We present a Household Income Percentile Calculator for any age range on this page. For either Family Households or All Households, we’ll estimate the income percentile breakpoints for the age of the head of household, inclusive of your choice of ages. We have data for ages 18 to 80 and 85.
For methodology and a definition of household types and a note on age rounding, see below the break. See also the (all) household income percentile calculator and the family household income calculator. As for net worth, try the net worth percentile by age calculator and the net worth bracket calculator.
Source and Methodology for the Household Income Percentile Calculator by Age
Sarah Flood, Miriam King, Steven Ruggles, and J. Robert Warren. Integrated Public Use Microdata Series, Current Population Survey: Version 4.0. [dataset]. Minneapolis: University of Minnesota, 2015. http://doi.org/10.18128/D030.V4.0.
For both Family Households (see the census definition here) and All Households, this calculator will graph the income for households headed by all ages and all age ranges. The ‘householder‘ or ‘family householder’ age is the age used in the tool; for a non-family household this is the person on the lease or mortgage (see the RELATE variable for classification). Note that ages at the top end are aggregated.
Income Type by Household
We use a different type of income for the two households.
For Family Households, we use FTOTVAL. It limit the income response to just the householder’s family, importantly avoiding the income for any live-in help, roommates, subletters, boarders and the like. If you are comparing to a family household, be sure to limit your own response to the same.
For All Households, we use the broadest measure, HHINCOME. Unlike the above, this includes all income in the household. If you are comparing to all households, add the incomes excluded from the above back into your input.
Other Tool Information
All of the information in the tool is pre-calculated – it might take a second to load upfront, but you can make calculations quickly. This includes any switching between the two sets to make calculations. The data adds up to ~ 2.6 megabytes.
We allow roughly one estimated percentile for every 10 samples in the survey. The tool estimates percentiles using all samples, but we’re still careful of heteroscedasticity at the extremes. (And, let’s be honest – that’s where most of the interest lies.) You can see the report on sample size in the second text box after you run a computation.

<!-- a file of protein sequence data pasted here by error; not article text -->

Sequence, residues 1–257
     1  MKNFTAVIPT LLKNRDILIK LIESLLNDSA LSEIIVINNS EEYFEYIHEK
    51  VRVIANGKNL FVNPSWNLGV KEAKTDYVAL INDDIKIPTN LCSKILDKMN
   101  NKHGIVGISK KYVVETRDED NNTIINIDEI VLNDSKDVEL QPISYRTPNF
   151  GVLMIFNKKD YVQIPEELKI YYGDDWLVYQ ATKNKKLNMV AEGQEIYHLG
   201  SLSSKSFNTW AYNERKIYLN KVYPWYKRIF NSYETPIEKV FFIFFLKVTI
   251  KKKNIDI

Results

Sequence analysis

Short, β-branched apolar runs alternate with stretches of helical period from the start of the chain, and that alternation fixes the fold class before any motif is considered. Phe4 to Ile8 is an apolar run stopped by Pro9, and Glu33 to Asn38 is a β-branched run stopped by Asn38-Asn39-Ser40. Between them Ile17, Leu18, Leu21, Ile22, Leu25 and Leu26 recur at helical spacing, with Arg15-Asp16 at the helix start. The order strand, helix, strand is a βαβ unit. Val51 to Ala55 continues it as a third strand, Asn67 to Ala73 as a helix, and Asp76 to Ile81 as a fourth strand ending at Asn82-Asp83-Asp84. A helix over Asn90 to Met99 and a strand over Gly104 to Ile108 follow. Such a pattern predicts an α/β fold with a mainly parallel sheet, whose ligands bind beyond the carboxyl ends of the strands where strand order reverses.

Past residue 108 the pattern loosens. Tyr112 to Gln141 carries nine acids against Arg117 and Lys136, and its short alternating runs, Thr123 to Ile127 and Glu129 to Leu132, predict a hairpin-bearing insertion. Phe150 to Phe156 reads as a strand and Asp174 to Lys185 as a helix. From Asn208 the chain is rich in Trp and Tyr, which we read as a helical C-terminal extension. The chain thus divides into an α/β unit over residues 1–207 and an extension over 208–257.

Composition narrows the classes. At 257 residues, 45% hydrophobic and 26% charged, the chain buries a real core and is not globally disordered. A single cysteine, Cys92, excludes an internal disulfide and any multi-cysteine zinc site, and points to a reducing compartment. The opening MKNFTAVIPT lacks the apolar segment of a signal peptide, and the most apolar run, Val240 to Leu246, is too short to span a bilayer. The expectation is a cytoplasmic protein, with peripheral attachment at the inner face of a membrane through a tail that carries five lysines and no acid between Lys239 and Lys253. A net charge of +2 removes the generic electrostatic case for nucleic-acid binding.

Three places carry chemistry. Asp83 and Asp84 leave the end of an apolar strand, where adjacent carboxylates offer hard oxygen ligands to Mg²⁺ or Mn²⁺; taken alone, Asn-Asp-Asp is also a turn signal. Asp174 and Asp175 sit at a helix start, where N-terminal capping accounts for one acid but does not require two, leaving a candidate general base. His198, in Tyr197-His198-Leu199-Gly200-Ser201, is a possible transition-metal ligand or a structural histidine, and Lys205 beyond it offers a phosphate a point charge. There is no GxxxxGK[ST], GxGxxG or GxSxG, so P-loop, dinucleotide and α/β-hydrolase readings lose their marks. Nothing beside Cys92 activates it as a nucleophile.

Please let us know if you see any issues with the tool; you can get in touch here.
Why Care About Age vs. Income
As in our other popular age comparison tools such as the income percentile by age calculator and net worth by age calculator, age makes a huge difference when comparing financial resources. Age is a decent proxy for experience and older folks generally will make more until, usually, sometime in their late 40s. Advancing age also means more years for a household to accumulate wealth.
Even though the exact formulation has changed, the theme holds for households. Here’s what household income looks like matched up with householder age for age 25, 35, 45, and 55:
And before you ask, I redid the graph for the middle three quintiles. Here’s how it looks like for a rough cut of “The Middle Class” (don’t read too far into this formulation):
The two graphs show what we telegraphed above: age makes a huge difference in income, and ‘peak’ earning years are probably somewhere in the 40s.
It also leads us back to a common point on DQYDJ: pay close attention to a population’s composition. If the income increases for every age group but the age group mix changes, the trend can appear to move the other way. (This is known as Simpson’s Paradox.) That isn’t really an issue here per se, but keep the possibility in mind while evaluating statistics day to day.
Conclusions on the Household Income Percentile by Age Calculator
This is a more ambitious cut of the data than our normal fare, but we’re happy with how this calculator turned out. For any age range for householders between 18 and 80 (and 85) you can quickly find the income distribution. Most satisfying, the numbers in this analysis roughly align with the numbers in other tools we’ve produced for the site.
If there’s a conclusion to draw, it’s this: age is an excellent proxy for skill and experience. Age isn’t exactly that, of course, but for many analyses teasing out age gives us the distributions we’d logically expect. Further, using age (or another experience proxy) is a necessary consideration for many analyses… one which is unfortunately often ignored.
Well, just as we’ve continued to fight the “you need to include dividends” battle, we’ll fight this one too. We hope you enjoyed the household income by age calculator – let us know what you found in the comments.